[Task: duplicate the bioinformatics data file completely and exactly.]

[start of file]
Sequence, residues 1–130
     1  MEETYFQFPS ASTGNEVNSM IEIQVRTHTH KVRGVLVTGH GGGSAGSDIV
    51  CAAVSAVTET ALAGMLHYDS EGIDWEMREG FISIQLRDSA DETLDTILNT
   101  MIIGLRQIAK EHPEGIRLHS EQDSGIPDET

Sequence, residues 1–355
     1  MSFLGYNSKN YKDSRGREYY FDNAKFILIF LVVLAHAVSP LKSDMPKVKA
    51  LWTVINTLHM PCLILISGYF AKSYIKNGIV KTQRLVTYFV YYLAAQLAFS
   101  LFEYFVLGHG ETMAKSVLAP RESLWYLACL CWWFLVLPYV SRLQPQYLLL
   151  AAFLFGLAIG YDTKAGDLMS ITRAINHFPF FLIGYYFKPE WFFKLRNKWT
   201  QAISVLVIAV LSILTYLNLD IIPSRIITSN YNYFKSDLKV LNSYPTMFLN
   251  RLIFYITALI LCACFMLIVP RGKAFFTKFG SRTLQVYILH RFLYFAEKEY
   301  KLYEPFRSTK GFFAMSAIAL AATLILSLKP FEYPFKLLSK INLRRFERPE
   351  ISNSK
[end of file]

Sequence, residues 1–130
     1  MEETYFQFPS ASTGNEVNSM IEIQVRTHTH KVRGVLVTGH GGGSAGSDIV
    51  CAAVSAVTET ALAGMLHYDS EGIDWEMREG FISIQLRDSA DETLDTILNT
   101  MIIGLRQIAK EHPEGIRLHS EQDSGIPDET

Sequence, residues 1–355
     1  MSFLGYNSKN YKDSRGREYY FDNAKFILIF LVVLAHAVSP LKSDMPKVKA
    51  LWTVINTLHM PCLILISGYF AKSYIKNGIV KTQRLVTYFV YYLAAQLAFS
   101  LFEYFVLGHG ETMAKSVLAP RESLWYLACL CWWFLVLPYV SRLQPQYLLL
   151  AAFLFGLAIG YDTKAGDLMS ITRAINHFPF FLIGYYFKPE WFFKLRNKWT
   201  QAISVLVIAV LSILTYLNLD IIPSRIITSN YNYFKSDLKV LNSYPTMFLN
   251  RLIFYITALI LCACFMLIVP RGKAFFTKFG SRTLQVYILH RFLYFAEKEY
   301  KLYEPFRSTK GFFAMSAIAL AATLILSLKP FEYPFKLLSK INLRRFERPE
   351  ISNSK